• A change in the physical state or form of the product (such as milling wheat into flour or making strawberries into jam).
  • The production of a product in a manner that enhances its value (such as organically produced products).
  • The physical segregation of an agricultural commodity or product in a manner that results in the enhancement of the value of that commodity or product (such as an identity preserved marketing system).

While there are opportunities with value-added processing, there are also increased risks. The risk varies with the size of the investment, the type(s) of product you choose to produce, and the market potential. Other risks to consider include the entrepreneur’s level of expertise, access to small scale processing equipment, technical support, regulatory requirements, and the entrepreneur’s business and financial management skills.

Some Questions to Consider

1. Are you willing to invest the time and effort necessary to plan this business, research the profit potential of processing and marketing your product, and evaluate your personal and material resources to determine if this type of business is a good fit for your family and your current farming operation?

Starting a value-added processing business, like any start-up business, takes careful planning. You will need to devote time to market research, phone calls, letters, office visits, and a lot of decision-making before you turn out your first jar of jelly or can of organic vegetable soup. Months or even upwards to a year is not an unreasonable amount of time to expect to spend in preparation for opening your business.

2. Who will purchase your product?

Anyone with a new product or service must know their target audience and, more importantly, why they would be willing to purchase the new product or service. What is your customer profile? What is their age, sex, income, buying habits, where do they live, how much do they spend on related items, where do they shop, even what do they read? This is market research.

3. What is your product and how will you make it?

If you want to make a food product for retail sale, with very few exceptions, you will not be able to make it in your home. This means that you will either have to build your own facility and buy equipment, rent existing facilities and equipment, or contract with an existing food processor to copack your product for you.

Also, it’s one thing to make small batches of your product for family and friends, but larger production runs demand developing large batch recipes. Where can you get professional advice on adjusting recipes and improving the shelf-life of your product? What is the shelf-life of your product? Where can you purchase the ingredients, packaging containers, labels that make your product attractive and safe to the public? This is market research.

4. Are you aware of the local, state, and federal regulations concerning food processing?

There may be local zoning ordinances or land use restriction that affect what kinds of businesses you can operate on your property. You will need to seek out training on basic food safety and sanitation procedures that ensure a safe food product. Your product will also need to comply with the Food Regulation Standards developed by the Food and Drug Administration (FDA).

You product may require a nutritional analysis or benefit from a specialty product label.


5. Can you make money with this enterprise?

A key characteristic of many small or on-farm specialty food processing activities is that they are “income patching,” where the processing activity is one of several sources of income rather than the processor’s sole source of support. How much time and financial resources can you commit to this new enterprise? How much will customers pay for your product? Consumers are generally willing to pay a slight premium for specialty or gourmet products, but these must be high quality products.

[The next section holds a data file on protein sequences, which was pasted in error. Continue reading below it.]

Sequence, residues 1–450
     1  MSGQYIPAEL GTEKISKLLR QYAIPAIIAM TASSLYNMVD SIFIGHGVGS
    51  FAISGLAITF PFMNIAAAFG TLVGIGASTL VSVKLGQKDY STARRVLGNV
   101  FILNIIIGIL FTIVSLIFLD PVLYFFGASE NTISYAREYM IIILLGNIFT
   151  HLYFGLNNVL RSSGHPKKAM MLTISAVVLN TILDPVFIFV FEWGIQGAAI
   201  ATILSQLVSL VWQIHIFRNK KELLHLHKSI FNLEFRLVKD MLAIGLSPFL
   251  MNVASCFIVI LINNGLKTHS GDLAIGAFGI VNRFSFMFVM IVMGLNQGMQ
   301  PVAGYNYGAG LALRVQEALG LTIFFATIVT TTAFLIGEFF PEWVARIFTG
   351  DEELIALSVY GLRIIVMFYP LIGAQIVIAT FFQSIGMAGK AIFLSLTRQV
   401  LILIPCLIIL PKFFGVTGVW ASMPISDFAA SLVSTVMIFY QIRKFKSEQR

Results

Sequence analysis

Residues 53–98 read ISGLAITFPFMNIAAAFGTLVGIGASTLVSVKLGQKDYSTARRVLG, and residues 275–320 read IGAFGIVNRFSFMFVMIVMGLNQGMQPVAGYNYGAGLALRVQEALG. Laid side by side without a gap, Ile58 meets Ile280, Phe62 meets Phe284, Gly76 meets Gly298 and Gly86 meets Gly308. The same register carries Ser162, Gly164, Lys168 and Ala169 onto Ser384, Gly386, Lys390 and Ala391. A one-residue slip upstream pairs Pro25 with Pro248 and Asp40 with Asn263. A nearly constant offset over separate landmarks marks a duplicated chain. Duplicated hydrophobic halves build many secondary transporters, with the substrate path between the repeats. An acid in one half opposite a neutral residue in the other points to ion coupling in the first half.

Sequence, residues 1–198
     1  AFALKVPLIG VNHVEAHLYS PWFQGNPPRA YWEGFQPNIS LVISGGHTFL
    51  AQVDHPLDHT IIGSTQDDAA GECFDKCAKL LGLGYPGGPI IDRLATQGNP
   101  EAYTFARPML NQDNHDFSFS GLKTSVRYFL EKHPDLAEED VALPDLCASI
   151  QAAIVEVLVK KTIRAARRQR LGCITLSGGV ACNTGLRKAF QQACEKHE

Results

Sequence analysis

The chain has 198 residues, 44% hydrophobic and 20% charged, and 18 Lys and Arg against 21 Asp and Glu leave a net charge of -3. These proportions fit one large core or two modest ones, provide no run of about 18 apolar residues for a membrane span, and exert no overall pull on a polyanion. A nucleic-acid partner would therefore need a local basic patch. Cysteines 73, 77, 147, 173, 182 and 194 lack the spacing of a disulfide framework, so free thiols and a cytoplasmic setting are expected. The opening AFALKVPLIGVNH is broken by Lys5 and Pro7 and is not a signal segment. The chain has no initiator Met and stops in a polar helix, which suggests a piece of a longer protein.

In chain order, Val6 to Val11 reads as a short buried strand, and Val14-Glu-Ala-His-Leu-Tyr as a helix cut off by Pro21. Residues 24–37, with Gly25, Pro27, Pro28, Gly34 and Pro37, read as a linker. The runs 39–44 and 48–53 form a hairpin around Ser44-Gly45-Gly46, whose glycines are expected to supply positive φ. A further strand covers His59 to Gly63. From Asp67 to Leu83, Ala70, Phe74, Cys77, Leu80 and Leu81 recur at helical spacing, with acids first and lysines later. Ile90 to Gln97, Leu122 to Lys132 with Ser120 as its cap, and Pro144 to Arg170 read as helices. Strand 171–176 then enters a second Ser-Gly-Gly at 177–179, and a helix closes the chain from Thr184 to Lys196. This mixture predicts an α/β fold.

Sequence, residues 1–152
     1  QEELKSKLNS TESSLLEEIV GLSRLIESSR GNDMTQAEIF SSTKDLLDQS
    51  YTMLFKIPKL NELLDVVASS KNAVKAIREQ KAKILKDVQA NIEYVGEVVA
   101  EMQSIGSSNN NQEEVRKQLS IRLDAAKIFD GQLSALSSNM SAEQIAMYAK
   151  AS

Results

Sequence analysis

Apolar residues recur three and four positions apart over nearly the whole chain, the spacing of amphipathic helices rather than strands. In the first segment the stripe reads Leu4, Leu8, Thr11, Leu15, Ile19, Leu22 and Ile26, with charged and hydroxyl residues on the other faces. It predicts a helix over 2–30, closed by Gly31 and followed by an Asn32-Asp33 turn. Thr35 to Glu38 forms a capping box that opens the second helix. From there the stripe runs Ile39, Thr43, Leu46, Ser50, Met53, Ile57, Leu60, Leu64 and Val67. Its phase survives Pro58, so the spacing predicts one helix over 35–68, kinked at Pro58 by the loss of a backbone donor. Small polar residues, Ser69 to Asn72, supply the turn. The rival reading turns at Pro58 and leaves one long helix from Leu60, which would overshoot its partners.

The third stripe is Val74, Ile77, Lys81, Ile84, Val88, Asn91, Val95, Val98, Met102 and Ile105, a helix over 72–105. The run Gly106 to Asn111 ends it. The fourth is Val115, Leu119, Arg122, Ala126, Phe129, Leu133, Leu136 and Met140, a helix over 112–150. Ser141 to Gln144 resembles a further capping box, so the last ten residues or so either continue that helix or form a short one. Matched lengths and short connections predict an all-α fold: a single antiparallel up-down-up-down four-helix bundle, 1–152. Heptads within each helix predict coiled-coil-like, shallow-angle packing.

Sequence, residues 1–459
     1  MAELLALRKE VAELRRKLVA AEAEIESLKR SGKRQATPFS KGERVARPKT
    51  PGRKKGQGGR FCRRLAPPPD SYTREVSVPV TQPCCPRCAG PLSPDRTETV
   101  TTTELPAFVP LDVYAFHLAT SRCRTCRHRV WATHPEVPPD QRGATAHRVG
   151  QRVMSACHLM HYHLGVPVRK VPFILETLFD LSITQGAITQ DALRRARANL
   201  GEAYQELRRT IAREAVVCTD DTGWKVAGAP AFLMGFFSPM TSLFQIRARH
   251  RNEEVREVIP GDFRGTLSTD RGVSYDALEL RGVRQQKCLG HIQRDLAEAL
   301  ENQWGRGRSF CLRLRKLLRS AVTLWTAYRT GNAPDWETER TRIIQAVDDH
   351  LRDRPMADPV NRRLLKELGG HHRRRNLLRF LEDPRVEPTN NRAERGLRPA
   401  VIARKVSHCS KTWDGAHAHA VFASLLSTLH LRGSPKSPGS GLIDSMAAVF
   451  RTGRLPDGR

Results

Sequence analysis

Knowing what your customers will pay is an important component in determining your break-even point. It will help you to determine how many units you’ll have to sell to breakeven. The second part of the profitability equation is your cost of production. You must calculate all your costs, both fixed and variable. How many units of your product must you sell to become profitable?

Remember, the goal is not to just breakeven, but to make a profit.

6. Do you consider yourself to be an agri-entrepreneur?

Risk is an intrinsic part of any business venture and starting a new food processing business can be risky. The costs of the uncertainty that comes with a new venture can be staggering in terms of stress on family relations, self-image, and personal bank accounts.

This business will demand you sharpen your business management skills and write a business plan that includes a detailed marketing plan for your new enterprise. This is where you’ll write down the goals for your business and how you plan to reach them.

7. Do you have the necessary capital investment required to fund this new business?

Successful businesses start small. With limited funds you may need to look at investing ingenuity first, labor second, and money third. Stephen Hall in From Kitchen to Market suggests, “Depending on your approach, you can expect to incur minimum start-up costs of approximately $35,000 to $100,000 or more for each year for the first three to five years.” (Hall p.xiv). Consider how you will develop your product and markets, work out production procedures, and learn the peculiarities of the industry before building permanent facilities, hiring labor, or quitting your day job.

Unfortunately, there is no simple blueprint to follow that applies to everyone for developing a value-added enterprise. The resources listed on this site can assist you in the process of identifying, selecting, managing, monitoring, and growing your value-added business.

Resources

University of Maryland Extension Resources

Other State Extension Resources

Governement Resources

Other Resources